For the long haul, we need to think about further improvements. We are going to have to look at academic programs and devise ways to encourage continuous improvement.
We have to use the word “duplication” carefully.  Sometimes the duplication is needed and the best way to deliver our services.

I graduated from a dual liberal arts undergraduate experience that was very, very good.  One college was very small and focused on a relatively small set of disciplines while the other was a very large comprehensive university that offered the widest range of academic resources imaginable. The course offerings did not overlap. I was able to include a year of study abroad and finish two bachelor degrees in less than five years.  Both institutions co-operated and accepted each other’s credits.  Liberal education helps people to learn to think critically, speak effectively, analyze data correctly, and understand how to do research what they don’t know.  
This was before the days of online research.  First class institutions had first class libraries.  Today Google helps, but it is not the answer to serious research. While I won’t be able to duplicate my undergraduate experience at the College, I do want a college that focuses on teaching students to achieve their goals and in the process to direct them toward life-long learning.   We need to work with student to define success and then lead them on the correct paths.

If there are programs that are not helping the students or the community in general perhaps they should be eliminated?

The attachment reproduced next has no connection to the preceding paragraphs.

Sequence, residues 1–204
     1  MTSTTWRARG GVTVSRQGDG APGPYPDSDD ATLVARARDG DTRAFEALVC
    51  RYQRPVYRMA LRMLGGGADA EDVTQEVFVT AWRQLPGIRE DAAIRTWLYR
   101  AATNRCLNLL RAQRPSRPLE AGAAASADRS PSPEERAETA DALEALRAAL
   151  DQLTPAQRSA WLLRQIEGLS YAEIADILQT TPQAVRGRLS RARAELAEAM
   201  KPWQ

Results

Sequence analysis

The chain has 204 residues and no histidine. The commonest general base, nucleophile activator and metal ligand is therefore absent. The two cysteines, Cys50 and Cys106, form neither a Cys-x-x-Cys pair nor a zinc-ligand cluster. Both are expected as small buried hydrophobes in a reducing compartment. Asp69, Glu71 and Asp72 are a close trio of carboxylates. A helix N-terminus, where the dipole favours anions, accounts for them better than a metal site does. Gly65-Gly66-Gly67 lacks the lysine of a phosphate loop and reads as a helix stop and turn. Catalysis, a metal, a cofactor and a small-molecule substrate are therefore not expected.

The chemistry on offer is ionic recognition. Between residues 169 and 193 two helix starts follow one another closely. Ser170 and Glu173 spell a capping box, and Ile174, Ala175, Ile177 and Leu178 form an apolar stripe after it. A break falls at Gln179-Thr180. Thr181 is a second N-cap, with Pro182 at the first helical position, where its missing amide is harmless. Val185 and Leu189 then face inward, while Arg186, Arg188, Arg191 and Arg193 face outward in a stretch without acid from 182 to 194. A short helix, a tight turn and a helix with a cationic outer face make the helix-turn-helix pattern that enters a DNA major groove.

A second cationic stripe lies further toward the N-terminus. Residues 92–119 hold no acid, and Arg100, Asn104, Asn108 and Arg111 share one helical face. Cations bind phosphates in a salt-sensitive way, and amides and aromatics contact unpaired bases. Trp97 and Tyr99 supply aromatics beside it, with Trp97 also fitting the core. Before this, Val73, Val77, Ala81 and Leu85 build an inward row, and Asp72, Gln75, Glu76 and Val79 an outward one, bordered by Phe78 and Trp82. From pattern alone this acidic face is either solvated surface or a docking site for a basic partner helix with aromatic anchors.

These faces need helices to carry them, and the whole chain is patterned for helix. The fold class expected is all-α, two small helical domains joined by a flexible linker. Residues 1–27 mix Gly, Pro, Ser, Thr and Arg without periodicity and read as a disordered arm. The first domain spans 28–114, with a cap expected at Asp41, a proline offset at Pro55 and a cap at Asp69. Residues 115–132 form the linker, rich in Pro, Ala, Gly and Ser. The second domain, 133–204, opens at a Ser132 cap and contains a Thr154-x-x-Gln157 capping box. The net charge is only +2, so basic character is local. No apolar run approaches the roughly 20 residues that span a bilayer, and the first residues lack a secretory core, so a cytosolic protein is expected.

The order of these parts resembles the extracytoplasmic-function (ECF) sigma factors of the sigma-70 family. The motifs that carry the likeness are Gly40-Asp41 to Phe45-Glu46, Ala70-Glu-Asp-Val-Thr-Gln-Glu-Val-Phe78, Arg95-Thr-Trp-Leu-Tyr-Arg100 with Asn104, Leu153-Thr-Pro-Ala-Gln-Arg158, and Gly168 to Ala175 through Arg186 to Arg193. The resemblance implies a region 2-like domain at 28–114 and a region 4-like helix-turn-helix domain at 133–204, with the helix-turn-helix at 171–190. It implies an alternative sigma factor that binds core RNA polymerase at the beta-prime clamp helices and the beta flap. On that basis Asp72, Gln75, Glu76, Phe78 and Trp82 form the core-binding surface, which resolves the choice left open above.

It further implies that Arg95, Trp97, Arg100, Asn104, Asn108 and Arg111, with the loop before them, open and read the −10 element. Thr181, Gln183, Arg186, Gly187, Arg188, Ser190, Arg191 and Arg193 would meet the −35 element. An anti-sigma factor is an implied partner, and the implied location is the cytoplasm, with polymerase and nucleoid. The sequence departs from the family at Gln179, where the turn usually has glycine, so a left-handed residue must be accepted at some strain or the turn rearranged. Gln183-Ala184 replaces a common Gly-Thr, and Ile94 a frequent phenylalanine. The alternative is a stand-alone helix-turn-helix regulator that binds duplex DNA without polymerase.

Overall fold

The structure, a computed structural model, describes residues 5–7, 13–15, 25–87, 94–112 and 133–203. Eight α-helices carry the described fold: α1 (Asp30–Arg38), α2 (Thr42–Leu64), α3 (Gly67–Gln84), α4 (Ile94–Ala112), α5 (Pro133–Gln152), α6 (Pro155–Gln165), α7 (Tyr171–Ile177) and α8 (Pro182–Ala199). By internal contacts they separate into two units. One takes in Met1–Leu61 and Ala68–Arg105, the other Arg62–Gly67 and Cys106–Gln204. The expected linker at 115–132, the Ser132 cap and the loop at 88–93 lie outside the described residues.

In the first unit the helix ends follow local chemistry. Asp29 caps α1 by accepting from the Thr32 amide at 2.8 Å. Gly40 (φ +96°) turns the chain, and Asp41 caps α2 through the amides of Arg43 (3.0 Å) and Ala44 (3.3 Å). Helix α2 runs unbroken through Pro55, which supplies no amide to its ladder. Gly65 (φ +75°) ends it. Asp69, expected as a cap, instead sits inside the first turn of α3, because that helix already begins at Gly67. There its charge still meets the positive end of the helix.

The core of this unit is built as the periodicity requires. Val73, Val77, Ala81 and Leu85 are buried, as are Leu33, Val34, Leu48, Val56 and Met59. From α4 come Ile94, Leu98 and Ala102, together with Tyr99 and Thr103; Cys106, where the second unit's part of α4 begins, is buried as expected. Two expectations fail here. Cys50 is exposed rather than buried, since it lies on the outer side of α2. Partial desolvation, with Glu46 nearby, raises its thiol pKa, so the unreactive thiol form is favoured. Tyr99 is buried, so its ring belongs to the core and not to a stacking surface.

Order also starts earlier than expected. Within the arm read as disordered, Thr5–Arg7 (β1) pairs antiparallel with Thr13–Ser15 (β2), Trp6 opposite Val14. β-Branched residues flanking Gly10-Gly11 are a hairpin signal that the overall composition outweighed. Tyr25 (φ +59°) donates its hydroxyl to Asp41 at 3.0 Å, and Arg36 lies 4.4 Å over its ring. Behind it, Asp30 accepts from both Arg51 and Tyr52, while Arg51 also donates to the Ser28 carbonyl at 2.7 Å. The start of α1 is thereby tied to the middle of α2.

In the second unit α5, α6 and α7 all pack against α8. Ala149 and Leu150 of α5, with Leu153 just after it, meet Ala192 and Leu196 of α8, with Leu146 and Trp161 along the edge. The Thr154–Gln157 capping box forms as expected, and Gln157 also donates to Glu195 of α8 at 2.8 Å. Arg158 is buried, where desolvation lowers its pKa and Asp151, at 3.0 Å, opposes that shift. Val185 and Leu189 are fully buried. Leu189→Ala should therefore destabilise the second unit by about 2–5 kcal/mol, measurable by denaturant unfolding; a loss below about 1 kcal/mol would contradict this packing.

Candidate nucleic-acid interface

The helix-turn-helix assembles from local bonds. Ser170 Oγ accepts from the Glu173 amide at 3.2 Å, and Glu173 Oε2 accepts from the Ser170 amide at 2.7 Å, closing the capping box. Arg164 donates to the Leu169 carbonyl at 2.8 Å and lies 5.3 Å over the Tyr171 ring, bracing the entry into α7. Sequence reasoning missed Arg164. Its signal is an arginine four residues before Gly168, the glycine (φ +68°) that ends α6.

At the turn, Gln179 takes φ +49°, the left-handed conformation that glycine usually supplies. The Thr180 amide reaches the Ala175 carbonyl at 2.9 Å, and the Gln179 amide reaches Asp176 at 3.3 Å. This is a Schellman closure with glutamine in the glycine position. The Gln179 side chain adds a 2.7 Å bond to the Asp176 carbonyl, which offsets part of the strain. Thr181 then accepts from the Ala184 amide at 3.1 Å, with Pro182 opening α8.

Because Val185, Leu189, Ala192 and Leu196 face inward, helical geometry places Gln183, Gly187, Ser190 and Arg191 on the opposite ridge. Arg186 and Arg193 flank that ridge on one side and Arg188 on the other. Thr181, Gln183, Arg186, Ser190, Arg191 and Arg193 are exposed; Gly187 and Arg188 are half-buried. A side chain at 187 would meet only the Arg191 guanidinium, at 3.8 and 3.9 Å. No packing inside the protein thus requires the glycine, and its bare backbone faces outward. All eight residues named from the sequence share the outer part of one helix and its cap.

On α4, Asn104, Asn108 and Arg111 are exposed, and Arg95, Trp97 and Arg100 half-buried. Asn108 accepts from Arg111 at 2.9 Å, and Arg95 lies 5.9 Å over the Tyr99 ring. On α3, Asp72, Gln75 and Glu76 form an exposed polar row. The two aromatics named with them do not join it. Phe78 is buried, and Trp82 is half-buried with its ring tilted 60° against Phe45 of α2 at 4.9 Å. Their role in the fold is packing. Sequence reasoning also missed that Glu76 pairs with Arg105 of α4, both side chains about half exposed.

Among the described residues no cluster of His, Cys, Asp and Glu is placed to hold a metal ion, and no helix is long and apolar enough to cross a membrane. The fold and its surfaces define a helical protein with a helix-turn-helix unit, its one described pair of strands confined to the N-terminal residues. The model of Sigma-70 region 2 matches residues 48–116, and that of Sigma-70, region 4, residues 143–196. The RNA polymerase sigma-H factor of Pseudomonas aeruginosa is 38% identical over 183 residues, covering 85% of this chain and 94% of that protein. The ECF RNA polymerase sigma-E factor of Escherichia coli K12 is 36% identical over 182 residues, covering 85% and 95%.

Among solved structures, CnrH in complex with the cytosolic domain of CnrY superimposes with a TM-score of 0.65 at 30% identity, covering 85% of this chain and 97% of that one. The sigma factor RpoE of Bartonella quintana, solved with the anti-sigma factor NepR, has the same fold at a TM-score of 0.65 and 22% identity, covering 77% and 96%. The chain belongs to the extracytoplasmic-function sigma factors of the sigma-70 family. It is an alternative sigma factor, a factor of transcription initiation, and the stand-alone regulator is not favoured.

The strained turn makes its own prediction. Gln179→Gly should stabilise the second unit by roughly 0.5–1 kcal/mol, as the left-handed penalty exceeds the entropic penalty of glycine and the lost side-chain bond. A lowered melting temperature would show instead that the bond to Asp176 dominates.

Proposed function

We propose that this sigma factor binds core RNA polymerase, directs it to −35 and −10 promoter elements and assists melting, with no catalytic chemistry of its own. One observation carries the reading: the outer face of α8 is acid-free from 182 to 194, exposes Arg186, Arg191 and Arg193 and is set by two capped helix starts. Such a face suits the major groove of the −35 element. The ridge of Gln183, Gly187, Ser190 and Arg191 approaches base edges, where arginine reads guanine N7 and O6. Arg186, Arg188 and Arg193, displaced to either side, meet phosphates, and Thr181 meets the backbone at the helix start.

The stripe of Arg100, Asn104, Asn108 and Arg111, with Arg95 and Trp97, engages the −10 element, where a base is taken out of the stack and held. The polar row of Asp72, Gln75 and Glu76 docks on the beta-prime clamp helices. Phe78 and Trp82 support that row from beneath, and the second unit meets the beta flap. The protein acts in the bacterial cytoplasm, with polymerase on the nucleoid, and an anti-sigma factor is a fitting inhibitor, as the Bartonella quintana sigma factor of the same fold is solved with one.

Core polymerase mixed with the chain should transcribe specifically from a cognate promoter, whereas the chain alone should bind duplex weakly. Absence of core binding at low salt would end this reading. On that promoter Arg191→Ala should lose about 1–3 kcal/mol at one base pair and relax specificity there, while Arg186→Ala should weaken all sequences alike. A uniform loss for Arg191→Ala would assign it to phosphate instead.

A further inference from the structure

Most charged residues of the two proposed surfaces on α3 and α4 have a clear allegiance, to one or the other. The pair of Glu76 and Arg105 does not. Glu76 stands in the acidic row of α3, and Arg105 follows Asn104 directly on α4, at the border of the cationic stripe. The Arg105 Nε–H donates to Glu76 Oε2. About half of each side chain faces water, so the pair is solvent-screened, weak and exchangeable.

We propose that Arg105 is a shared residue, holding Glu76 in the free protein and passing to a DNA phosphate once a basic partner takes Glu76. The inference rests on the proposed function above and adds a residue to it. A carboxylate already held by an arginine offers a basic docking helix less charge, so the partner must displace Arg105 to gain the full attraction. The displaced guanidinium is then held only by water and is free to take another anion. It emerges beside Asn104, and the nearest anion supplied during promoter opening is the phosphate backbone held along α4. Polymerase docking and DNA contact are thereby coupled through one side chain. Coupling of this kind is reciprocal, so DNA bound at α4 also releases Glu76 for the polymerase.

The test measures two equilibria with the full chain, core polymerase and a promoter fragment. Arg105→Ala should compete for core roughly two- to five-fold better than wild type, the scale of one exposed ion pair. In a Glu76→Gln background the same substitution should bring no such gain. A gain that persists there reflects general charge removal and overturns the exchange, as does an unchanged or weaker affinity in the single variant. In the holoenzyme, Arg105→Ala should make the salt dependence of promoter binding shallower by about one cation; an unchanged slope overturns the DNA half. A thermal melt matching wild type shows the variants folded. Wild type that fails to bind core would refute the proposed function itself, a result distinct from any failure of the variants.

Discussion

Q>  In 1922 Detroit Junior College was the third largest institution of higher learning in Michigan.  They were granted four-year degree status in 1923 and became the College of the City of Detroit. In 1959 they became Wayne State University.  Do you see the City Colleges becoming bachelor degree granting colleges or becoming full universities?

A>  There are some programs that could benefit from offering courses beyond the associate or career certificate programs.  I would love to be able to offer continuing education programs for professionals such as teachers, lawyers, accountants, and librarians.  For these programs to work we would need faculty with the proper training and experience. 

The two year programs have an important role in our community.  We should concentrate on a job we can do well and then send our students to a job or another institution of higher learning.  It is not in our plan to become a university.  However, the nursing program is investigating what is required to grant a bachelor’s degree in nursing. An RN degree is not enough for most of the nurses in a hospital.  I don’t have any details as this matter is still under investigation internally and with the accreditation bodies. 

We have many great universities in this city and will continue to work with them on transfer programs.  Many of them recruit our students.  We are always proud to send student to prestigious universities to earn their bachelor degrees.